A closer look at the Sony Ericsson W508 and C510

Live from CES we get a hands-on experience with Sony Erisson's W508 music phone and its C510 camera phone.

Kent German Former senior managing editor / features
Kent was a senior managing editor at CNET News. A veteran of CNET since 2003, he reviewed the first iPhone and worked in both the London and San Francisco offices. When not working, he's planning his next vacation, walking his dog or watching planes land at the airport (yes, really).
Kent German
2 min read
The W508 has a flip phone design. Kent German/CBS Interactive

Sony Ericsson's new C510 Cyber-shot and W508 Walkman phone don't break a lot of new ground, but they're certainly worthy of attention. In many ways they resemble other Sony Ericssons that came before them--the W508 looks a bit like the W980 and the C510 reminds us vaguely of the C902.

The W508 is shiny inside. Kent German/CBS Interactive

The W508, of course, is a flip phone with circular music controls on the front flap. It's also thin and light, and you can change between gray and white removable covers. Just above are the external display and the camera lens. The display is small and monochrome so its usability with the camera will be limited. Also, we'd prefer to see a flash on a megapixel camera phone.

The interior display lives up to the Sony Ericsson standards with bright colors and vibrant graphics. The menu interface and Walkman player are also similar to other Sony Ericsson phones, which is to say they're easy to use. We're a little apprehensive about the flat and shiny keypad. The circular keys could be a bit more tactile, but we suppose we'd get used to them over time. Fortunately, the navigation controls are a tad better.

The C510 has a large display but cramped controls. Kent German/CBS Interactive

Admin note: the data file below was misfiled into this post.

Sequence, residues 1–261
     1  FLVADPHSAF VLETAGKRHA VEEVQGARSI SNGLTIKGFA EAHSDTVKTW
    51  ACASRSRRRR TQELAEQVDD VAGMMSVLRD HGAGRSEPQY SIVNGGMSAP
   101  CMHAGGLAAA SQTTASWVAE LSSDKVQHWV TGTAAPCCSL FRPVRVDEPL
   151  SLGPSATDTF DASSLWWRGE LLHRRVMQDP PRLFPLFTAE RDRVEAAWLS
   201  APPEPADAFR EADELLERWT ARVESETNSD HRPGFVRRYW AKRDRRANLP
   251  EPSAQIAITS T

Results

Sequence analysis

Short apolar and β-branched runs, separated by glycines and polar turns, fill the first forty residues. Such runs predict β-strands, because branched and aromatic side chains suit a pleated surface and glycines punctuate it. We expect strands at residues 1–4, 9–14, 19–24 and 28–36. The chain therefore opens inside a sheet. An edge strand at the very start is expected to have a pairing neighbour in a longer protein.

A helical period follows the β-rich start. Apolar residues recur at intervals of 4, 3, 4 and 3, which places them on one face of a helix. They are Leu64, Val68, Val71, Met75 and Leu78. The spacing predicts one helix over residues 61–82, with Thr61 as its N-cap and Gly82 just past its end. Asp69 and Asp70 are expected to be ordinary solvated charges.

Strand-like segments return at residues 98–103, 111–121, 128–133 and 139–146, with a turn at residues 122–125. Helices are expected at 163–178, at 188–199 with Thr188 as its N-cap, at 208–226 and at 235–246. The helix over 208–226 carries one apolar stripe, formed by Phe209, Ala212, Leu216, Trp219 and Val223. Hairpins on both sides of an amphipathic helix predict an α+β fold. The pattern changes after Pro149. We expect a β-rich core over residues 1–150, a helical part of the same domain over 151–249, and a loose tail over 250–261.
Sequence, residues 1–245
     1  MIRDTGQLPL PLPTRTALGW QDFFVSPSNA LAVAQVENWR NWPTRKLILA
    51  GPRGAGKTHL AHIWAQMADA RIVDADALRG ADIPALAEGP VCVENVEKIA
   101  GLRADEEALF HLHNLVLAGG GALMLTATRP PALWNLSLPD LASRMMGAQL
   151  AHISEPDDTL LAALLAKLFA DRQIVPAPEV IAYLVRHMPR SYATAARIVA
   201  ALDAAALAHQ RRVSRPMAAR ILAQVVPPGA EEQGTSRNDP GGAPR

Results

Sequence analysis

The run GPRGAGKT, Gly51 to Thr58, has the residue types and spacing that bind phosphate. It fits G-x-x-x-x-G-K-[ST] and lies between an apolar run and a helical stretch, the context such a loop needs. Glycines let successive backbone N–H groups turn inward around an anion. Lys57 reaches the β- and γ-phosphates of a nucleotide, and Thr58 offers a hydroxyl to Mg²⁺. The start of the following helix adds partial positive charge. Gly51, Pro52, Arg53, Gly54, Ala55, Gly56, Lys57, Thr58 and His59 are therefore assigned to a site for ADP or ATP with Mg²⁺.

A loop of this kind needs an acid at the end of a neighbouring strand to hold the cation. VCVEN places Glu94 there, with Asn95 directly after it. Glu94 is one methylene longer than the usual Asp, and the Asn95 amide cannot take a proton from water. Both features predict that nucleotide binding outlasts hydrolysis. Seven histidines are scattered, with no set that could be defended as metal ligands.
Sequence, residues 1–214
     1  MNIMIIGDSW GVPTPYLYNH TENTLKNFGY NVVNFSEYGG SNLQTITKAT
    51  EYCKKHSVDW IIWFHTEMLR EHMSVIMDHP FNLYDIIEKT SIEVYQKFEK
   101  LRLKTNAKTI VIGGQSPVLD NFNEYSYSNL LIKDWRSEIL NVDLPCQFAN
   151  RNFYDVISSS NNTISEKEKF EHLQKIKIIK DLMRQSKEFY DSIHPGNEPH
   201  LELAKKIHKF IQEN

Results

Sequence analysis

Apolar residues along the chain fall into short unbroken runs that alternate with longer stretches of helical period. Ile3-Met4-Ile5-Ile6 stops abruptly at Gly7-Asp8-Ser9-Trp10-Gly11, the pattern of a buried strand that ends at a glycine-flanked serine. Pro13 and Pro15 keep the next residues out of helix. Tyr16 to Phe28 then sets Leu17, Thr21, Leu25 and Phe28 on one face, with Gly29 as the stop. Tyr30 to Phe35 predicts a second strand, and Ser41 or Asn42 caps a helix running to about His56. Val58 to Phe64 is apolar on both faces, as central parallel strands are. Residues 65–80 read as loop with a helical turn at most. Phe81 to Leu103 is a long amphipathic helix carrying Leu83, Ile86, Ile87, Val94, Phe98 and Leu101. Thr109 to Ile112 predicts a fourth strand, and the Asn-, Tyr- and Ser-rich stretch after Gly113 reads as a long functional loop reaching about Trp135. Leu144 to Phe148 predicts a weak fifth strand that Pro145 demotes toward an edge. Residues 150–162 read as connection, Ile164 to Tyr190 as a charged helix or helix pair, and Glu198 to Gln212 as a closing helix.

The C510, on the other hand, is a slim candy bar phone in shiny silver. The huge display takes up almost half of the phone, and its vivid resolution is easy on the eyes. Below are the navigation controls, which are plentiful but also a tad crowded. There's a square toggle with a central OK button, two soft keys, a menu control, and a clear button. The keypad buttons appear to be somewhat cramped as well. We'll wait for a full review to give a final verdict.

The camera lens sits on the rear of the phone behind a sliding cover. The design is a lot simpler than the C902, and that's a good thing. Instead of splitting apart in the middle to show the camera lens and flash, which we always found too complicated, you only need to slide the cover to the right. Unfortunately, there's no self-portrait mirror. The charger port sits on the left spine, and on the right spine you'll find the camera shutter and volume rocker. You'll have to remove the battery cover to use the memory card slot.

The C510 has a sliding lens cover. Kent German/CBS Interactive

On the whole, both phones look promising and their feature sets offer a lot to explore. We'll give them a full shakedown just as soon as we can.